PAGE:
on the basis of their religious belief were set out today by the
government as it published the Racial and Religious Hatred Bill.
incited hatred, which has a corrosive effect on communities and can
lead to violence and harassment, dividing communities and increasing
the fear of crime.
It would create a new offence of incitement to religious hatred,
closing a gap in existing law, whereby Jews and Sikhs are protected
explicitly against incited hatred by the racial hatred offences in
the Public Order Act, but members of other faiths are not. The
offences would apply where threatening, abusive or insulting words or
behaviour are used by someone who intends to stir up hatred against a
group of people defined by reference to religious belief or lack of
religious belief, or it is likely that such hatred will be stirred
Home Office minister Paul Goggins said:
'People of all backgrounds and faiths have a right to live free from
hatred, racism and extremism. Only by tackling such issues head on
will we preserve the tolerance, fairness and inclusiveness which are
such vital parts of our society.
'This Bill, supported by a wide range of faith and secular
organisations, takes up that challenge. It will not rule out
criticism of religion, or outlaw the telling of religious jokes. It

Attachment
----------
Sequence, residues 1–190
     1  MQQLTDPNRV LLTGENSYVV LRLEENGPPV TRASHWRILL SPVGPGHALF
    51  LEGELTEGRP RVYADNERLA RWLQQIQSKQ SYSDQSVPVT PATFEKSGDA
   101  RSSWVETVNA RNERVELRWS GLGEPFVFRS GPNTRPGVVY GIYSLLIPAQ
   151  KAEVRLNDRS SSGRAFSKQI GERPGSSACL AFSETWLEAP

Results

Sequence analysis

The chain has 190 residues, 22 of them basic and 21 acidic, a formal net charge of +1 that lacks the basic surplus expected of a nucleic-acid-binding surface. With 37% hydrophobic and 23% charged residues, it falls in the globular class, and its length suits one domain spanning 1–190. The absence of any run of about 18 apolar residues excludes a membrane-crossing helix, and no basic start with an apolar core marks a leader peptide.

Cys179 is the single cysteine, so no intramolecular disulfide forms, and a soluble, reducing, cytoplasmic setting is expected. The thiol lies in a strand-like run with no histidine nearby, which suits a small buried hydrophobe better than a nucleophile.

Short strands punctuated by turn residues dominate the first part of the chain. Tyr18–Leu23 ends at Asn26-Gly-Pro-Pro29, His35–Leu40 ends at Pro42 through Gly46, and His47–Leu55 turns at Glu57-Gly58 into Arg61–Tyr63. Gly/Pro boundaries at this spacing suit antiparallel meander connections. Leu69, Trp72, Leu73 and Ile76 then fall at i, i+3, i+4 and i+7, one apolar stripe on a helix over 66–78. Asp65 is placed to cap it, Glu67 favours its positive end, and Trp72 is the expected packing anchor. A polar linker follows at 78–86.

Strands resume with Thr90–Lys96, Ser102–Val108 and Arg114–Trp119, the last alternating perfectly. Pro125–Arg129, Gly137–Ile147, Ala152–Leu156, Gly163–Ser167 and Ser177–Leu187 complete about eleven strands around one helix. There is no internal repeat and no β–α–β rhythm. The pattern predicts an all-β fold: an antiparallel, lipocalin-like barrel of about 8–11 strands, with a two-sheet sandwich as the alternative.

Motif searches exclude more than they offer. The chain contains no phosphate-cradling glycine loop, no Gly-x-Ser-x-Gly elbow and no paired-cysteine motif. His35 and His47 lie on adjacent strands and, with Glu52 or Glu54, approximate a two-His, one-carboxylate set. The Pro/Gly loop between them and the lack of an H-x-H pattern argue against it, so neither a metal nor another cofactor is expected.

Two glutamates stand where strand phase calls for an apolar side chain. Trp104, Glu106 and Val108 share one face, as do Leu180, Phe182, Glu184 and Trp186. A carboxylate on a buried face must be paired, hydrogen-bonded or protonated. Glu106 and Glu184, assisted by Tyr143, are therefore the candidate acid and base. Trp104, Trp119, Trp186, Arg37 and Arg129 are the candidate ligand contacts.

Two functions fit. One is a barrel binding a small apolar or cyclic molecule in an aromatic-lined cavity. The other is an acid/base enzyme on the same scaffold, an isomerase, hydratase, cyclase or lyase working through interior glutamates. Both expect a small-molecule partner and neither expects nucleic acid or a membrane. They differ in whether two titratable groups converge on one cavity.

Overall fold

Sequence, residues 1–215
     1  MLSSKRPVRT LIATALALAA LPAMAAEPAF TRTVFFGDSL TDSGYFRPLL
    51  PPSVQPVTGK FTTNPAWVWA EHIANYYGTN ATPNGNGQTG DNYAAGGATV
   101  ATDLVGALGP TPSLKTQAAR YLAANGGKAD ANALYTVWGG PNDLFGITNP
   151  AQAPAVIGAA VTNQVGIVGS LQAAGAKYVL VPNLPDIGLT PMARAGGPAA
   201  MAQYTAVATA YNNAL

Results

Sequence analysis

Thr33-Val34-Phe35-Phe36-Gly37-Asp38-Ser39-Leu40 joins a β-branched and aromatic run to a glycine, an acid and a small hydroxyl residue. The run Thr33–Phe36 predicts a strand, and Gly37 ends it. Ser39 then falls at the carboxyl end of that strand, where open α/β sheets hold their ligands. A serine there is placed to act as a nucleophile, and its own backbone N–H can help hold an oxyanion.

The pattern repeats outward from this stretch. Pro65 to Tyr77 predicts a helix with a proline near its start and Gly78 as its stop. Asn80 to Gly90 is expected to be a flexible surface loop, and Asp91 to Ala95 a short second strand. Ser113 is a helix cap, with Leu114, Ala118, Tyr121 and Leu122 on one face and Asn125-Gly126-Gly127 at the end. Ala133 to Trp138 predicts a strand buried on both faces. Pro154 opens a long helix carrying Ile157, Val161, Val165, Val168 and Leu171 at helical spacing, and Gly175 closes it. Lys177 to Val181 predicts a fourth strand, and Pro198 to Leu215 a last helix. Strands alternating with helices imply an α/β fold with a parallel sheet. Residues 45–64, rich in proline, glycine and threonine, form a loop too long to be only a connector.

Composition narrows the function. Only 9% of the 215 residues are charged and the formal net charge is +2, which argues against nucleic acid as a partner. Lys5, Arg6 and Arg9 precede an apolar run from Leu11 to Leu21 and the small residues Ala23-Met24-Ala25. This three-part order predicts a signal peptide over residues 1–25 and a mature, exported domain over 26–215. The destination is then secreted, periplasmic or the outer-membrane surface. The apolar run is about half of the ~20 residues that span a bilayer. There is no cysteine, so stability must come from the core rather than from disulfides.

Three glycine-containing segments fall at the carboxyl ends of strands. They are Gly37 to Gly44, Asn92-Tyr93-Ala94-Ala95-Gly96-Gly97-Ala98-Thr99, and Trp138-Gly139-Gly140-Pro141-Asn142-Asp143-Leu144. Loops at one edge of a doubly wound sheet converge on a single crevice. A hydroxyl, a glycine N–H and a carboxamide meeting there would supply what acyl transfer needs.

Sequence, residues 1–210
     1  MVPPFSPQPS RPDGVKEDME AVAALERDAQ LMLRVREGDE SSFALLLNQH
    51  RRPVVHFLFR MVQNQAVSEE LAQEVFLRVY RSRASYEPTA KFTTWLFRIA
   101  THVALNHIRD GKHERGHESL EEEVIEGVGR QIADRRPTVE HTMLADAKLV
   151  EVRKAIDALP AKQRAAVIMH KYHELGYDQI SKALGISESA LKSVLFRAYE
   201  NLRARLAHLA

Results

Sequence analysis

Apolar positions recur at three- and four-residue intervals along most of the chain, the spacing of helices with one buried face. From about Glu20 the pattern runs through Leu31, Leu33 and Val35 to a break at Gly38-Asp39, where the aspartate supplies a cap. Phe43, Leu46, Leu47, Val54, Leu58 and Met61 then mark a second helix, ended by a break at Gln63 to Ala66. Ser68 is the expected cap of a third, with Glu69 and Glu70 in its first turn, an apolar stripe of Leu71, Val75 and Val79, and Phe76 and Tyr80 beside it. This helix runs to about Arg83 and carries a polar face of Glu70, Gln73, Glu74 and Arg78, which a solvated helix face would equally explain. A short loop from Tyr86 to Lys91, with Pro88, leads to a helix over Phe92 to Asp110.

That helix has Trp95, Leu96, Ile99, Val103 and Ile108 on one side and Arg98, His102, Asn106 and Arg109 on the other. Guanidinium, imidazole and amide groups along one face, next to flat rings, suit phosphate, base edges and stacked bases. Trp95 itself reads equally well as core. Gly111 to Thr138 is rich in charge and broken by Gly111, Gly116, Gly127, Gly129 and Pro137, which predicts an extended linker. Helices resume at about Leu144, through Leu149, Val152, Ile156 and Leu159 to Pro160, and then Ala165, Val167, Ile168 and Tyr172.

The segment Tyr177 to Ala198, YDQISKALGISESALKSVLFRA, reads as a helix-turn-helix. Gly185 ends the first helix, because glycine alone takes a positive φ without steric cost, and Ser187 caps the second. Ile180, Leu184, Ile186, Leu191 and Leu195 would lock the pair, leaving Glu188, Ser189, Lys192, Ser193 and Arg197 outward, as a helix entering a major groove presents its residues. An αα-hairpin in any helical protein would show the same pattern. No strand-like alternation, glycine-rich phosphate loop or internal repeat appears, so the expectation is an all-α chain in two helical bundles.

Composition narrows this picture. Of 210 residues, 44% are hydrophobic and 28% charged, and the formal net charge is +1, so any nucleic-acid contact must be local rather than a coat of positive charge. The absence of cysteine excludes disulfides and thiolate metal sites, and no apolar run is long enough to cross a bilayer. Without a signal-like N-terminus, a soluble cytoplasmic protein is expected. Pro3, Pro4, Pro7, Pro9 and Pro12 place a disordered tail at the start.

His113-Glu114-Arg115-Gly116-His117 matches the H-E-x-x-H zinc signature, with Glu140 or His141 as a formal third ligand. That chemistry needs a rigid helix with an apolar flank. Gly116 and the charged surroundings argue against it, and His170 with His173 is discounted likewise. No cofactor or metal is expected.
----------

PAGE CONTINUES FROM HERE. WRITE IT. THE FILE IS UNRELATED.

is about protecting individuals from hatred, and the fear of
violence and harassment created by it.'
Attorney general Lord Goldsmith said:
'This Bill is unfinished business from the last session of parliament
and will provide protection to groups of people which other groups
already have. It's about protecting people from hatred, not faiths
Prosecution under the new offence of incitement to religious hatred
would require that offensive words or actions must be threatening,
abusive or insulting and intended to stir up hatred, or, having
regard to all the circumstances, likely to stir up such hatred.
Religious hatred is defined as 'hatred against a group of persons
defined by reference to religious belief or lack of religious
belief.' All prosecutions would have to pass the Crown Prosecution
Service public interest test and require the consent of the attorney
The new proposal would not prohibit people, including artists and
performers, from offending, criticising or ridiculing faiths, but
would protect people from incitement to hatred against them because
of their faith.
1. The Bill would create a new offence of incitement to religious
hatred which would extend the protections offered to Jews and Sikhs
under the racial hatred offences to members of all faiths.
2. The Bill is published, together with explanatory notes, at
3. This Bill is supported by a wide range of faith and secular
* The Association of Chief Police Officers
* The Commission for Racial Equality
* The Muslim Council of Britain
* The Hindu Forum
* The Board of Deputies of British Jews.
* The Imams and Mosques Council
* The British Humanist Association
* The Law Society
* The Hindu Council
* The Network of Sikh Organisations